First, some perspective: Even after yesterday’s big Facebook F8 hullabaloo, people will still listen to and discover music without Facebook, as hard as that might be to believe right now, given all the attention paid to the social network’s shift into media sharing, which suddenly made Twitter look like the stripped-down communications protocol it has always been.
But it would be folly to ignore the effects of Facebook’s shift into “verbs” in addition to “nouns,” as Mark “Sugar Mountain” Zuckerberg cleverly put it yesterday — by which he meant that Facebook can now track and share what you do, in addition to the things you like.
Yes, Facebook will facilitate legal music sharing — something the industry has been trying to do ever since Napster electrified (some would say “electrocuted”) the music business over ten years ago.
But as important as it is, Facebook’s music initiative is missing five key ingredients, all of which are within its grasp:
We’re not saying it would be easy, but if Facebook really wants to help people listen to each other’s music, it should let them do so using whatever music service they want. This morning, listening to friends’ music through my Facebook Ticker and sharing my music through it, I’ve already used Spotify, Rdio, Songza, and MOG — and it’s not even 10am yet.
True, Facebook has started down the road of universally translating between music services, so that I can hear your songs even if you use Rhapsody and I use MOG — but so far, it has done so by tilting the playing field favorably (some would say unfairly) towards Spotify. Note the screenshot above, in which a shared Rdio song includes a link to “play in Spotify.”
If Facebook really wants to offer “frictionless” music sharing, to borrow Zuck’s oft-repeated phrase, it will let people listen to shared stuff using whatever they want, rather than the same service used by the sharer.
A Facebook employee deleted a tweet about it, but Evolver.fm has confirmed that at least two streaming radio services plan to implement it. Slacker, specifically, says it has been working with Facebook to do so for months. So why didn’t Facebook music launch with the ability to join other listeners on a station in real-time, so that people can chat about what they’re hearing a la Turntable.fm? This will probably be the neatest thing about Facebook music, and even after yesterday’s presentation, it’s 100-percent vaporware.
3. Music Tab in the Ticker
Facebook is now more cluttered than ever, which, according to hilarious Wired.com pundit Lore Sjöberg, is because Facebook finds it beneficial to keep its users dissatisfied while offering them a forum where they can express that dissatisfaction — just like the Democratic Party.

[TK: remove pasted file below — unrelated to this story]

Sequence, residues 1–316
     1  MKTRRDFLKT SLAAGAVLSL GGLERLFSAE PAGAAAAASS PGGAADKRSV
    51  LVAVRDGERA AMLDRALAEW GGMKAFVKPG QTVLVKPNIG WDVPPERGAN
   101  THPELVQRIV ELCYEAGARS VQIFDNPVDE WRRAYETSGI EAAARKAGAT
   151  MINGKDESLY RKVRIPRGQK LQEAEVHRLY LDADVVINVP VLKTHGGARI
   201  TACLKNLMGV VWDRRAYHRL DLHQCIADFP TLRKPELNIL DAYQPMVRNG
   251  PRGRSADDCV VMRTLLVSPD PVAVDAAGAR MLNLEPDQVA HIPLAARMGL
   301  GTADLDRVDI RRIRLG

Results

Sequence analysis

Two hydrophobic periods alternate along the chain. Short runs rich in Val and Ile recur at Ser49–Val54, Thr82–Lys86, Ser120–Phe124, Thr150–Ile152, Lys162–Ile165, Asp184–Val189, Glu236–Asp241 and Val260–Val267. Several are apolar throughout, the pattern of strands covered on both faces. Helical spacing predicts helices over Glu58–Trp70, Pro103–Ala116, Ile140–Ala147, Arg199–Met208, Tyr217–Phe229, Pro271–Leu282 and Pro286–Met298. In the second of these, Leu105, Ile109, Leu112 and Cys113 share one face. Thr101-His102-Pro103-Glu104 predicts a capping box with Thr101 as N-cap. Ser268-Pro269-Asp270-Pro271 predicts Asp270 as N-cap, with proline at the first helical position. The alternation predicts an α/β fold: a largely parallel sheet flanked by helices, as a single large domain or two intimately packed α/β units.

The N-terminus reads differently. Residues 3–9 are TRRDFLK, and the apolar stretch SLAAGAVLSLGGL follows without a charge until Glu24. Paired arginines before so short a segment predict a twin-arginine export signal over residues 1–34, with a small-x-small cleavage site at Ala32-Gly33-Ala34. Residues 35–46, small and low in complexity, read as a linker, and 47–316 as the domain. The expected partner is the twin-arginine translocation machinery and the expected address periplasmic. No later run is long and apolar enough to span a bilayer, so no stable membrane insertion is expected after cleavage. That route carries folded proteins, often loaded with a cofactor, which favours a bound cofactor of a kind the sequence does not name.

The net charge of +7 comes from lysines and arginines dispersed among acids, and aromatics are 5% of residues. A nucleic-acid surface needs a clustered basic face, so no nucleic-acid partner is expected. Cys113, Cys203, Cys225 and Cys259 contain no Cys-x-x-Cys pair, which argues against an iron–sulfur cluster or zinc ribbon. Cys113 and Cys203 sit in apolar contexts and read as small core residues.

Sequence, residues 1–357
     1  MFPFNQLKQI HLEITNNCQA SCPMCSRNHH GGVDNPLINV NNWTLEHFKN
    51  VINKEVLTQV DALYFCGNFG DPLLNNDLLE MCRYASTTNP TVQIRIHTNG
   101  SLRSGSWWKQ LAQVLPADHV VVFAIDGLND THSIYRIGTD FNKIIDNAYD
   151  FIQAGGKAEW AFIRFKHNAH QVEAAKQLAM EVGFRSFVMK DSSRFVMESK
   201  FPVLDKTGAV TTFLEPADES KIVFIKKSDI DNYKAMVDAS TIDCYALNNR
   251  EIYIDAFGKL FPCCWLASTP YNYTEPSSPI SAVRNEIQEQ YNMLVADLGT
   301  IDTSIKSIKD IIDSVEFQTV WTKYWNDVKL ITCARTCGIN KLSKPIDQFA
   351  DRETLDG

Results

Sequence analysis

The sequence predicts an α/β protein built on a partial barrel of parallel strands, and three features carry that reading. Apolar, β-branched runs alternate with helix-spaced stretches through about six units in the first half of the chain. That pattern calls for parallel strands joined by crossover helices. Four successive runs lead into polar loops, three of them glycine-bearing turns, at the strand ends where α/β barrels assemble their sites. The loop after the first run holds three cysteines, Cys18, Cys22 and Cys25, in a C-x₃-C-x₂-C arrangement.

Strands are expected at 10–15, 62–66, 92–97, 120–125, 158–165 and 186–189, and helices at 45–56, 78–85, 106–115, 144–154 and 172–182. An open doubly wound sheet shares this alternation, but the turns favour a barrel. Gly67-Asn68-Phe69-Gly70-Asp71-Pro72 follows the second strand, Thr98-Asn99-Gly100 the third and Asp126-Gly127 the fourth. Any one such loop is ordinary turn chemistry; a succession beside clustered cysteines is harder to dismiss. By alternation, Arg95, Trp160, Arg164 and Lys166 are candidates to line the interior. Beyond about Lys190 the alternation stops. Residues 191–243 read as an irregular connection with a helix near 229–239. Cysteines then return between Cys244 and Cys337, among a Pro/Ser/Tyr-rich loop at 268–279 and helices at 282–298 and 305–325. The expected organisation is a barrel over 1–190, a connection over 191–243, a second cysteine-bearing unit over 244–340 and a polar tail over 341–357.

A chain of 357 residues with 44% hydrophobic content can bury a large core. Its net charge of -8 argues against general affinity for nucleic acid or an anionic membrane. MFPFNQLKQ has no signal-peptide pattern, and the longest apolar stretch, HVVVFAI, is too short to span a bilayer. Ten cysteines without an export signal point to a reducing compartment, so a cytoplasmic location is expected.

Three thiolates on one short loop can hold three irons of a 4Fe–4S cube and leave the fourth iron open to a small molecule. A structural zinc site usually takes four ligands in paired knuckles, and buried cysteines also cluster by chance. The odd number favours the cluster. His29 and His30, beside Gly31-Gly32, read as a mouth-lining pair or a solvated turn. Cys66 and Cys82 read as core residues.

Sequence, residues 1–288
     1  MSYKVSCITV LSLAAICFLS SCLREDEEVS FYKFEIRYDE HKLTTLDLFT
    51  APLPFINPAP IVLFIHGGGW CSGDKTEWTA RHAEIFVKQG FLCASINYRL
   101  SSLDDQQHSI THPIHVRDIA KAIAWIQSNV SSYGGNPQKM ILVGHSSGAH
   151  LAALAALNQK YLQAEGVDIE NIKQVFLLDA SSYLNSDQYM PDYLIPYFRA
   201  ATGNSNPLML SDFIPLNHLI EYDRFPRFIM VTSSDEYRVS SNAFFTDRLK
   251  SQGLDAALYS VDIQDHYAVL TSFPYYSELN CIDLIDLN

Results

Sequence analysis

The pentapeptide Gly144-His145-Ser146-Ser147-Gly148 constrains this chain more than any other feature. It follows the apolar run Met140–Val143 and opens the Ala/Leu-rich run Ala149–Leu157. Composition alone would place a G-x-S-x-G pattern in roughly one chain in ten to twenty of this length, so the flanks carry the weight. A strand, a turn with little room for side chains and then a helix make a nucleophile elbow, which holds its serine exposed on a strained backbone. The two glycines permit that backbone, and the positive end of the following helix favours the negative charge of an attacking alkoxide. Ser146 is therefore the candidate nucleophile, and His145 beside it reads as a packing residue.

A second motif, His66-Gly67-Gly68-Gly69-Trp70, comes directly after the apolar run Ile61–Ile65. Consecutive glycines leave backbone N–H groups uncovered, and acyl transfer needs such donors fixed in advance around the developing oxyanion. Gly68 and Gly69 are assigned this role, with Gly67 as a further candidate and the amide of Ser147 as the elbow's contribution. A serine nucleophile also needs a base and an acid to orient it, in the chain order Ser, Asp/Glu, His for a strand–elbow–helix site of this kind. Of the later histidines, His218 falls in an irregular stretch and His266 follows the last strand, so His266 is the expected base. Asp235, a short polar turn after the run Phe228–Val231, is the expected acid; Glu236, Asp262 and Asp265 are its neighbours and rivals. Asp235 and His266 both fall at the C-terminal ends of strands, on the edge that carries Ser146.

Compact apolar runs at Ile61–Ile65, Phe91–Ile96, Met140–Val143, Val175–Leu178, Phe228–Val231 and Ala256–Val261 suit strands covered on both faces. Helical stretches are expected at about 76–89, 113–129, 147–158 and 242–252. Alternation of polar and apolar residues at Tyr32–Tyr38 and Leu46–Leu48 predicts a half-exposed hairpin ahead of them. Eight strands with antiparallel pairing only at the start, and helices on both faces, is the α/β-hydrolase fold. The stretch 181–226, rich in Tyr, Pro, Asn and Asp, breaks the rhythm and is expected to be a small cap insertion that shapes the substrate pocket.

Zuckerberg kept using the word “lightweight” to describe the new Ticker on the right side of Facebook, but accusations of clutter are not without merit. So why not add a music filter? As a music fan, I’m mainly interested in what people are listening to, Ticker-wise. I don’t care about who my friends have friended. The Facebook Ticker should offer a way to look only at music activity, and there’s no good reason for it not to.
As Matt Rosoff of Business Insider observed, the white elephant not in the room at F8 yesterday was Apple, iTunes, and iCloud. Apple would need to swallow some pride in order to join Facebook’s music ecosystem, but maybe it should.
Some argue that Apple only ever sold music in order to sell more iPods and iPhones anyway. Now that it can sell apps for other music services, and run those on its devices, perhaps Apple is no longer concerned about selling music. From a user perspective, it would be nice if iTunes activity were included in Facebook’s music activities. Last.fm scrobbles from iTunes, so why can’t Facebook? Maybe this one will happen when Apple takes the wraps off of iCloud later this year.
5. Independent Developers
For this one, Facebook’s off the hook for the most part — it just needs to stay out of the way. One of the neatest things about Rdio and now Spotify is that they let independent app developers build third-party players atop their catalogs. If I subscribe to either service, I can use any music app that taps into it, offering a potentially huge range of interfaces, platforms, designs, features, etc. to choose from — more than Rdio or Spotify could ever develop on their own.
If someone wants to build a music player that lets people choose what to play by rolling virtual dice, slaying a dragon, wandering through a 3D library, or whatever, on any platform, I can use that interface to play Rdio’s or Spotify’s music. This is already starting to happen — and unless Facebook somehow gets in the way, all of the music played in these third-party apps should appear on Facebook. In fact, Facebook could even encourage this sort of thing.
So Mark, once that hangover subsides…. What are you waiting for?